Sex Workers, Oprah, and Hillary: Women Who Deliver
By Heather Doyle
What do Oprah Winfrey, Hillary Clinton, and Kenyan sex worker rights activist Carolyne Kemunto have in common? They are three of the most inspiring people working to improve the lives of women and girls, according to the organization Women Deliver. The “Women Deliver 100” list marks International Women’s Day by recognizing people who are doing courageous work for women around the world.
Carolyne, a former sex worker, was tired of watching her colleagues and friends dying from HIV and AIDS. She founded Survivors, an organization working to advance and protect the human rights of sex workers in Busia, Kenya, including their right to access quality health care services. Despite the large amounts of money pouring into Kenya from international donors to combat AIDS, particularly amongst marginalized populations, most of the sex workers in Busia had never received appropriate services. Survivors (a grantee of the Open Society Foundations) ensures that an estimated 1,000 male and female sex workers have access to comprehensive health, legal, and social services to decrease vulnerability to HIV infection and ensure access to AIDS services.
Carolyne recognized that the only way to combat HIV in the region was through programs that promote and protect the rights of sex workers. By engaging a lawyer on staff, Survivors offered “know your rights” trainings to 30 sex workers who then work as paralegals. When police illegally arrest sex workers and demand bribes or free sex, or a landlord illegally evicts a sex worker, these workers now know that such actions are in violation of their rights. This knowledge is bolstered by the ability to actually call a lawyer and a paralegal when instances of discrimination and abuse occur.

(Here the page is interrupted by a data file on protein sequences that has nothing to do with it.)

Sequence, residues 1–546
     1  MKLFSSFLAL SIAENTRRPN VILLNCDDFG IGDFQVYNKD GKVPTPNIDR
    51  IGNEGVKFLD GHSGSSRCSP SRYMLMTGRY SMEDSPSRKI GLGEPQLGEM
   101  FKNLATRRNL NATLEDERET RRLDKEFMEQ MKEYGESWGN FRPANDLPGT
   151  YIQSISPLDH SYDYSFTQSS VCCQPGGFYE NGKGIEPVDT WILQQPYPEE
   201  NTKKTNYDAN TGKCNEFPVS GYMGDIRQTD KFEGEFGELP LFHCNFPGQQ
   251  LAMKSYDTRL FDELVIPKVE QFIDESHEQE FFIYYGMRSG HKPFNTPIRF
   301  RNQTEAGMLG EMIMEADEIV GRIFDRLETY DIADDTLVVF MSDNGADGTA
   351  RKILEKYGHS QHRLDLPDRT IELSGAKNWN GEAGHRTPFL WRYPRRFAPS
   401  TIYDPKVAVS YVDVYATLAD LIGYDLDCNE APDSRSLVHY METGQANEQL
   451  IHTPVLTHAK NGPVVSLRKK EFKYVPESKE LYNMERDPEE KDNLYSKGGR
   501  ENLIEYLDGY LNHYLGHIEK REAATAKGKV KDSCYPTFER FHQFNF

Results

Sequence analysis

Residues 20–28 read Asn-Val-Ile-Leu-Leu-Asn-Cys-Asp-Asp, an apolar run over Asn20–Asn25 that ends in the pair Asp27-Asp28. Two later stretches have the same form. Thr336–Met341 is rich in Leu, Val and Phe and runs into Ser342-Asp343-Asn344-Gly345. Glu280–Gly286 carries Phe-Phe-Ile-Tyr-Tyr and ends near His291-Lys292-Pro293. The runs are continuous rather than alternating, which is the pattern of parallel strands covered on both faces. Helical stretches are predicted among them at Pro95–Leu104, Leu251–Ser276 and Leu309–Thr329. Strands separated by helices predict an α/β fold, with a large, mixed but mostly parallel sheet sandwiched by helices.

As a result, sex workers feel empowered to demand that clients use condoms, to refuse sex with police officers, and to hold health centers accountable for providing quality services. Legal aid and "know your rights" campaigns are combined with peer education, support groups, police trainings, and outreach by sex workers to provide voluntary HIV counseling and testing services.
Perhaps the biggest testament to Carolyne’s work is that not one of the sex workers reached by Survivors has died in the past three years. Hopefully the AIDS policy planners in Kenya will take note and realize that sex workers are best placed to respond to the issues facing their communities.
Until December 2012, Heather Doyle was director of the Sexual Health and Rights Project, part of the Open Society Public Health Program.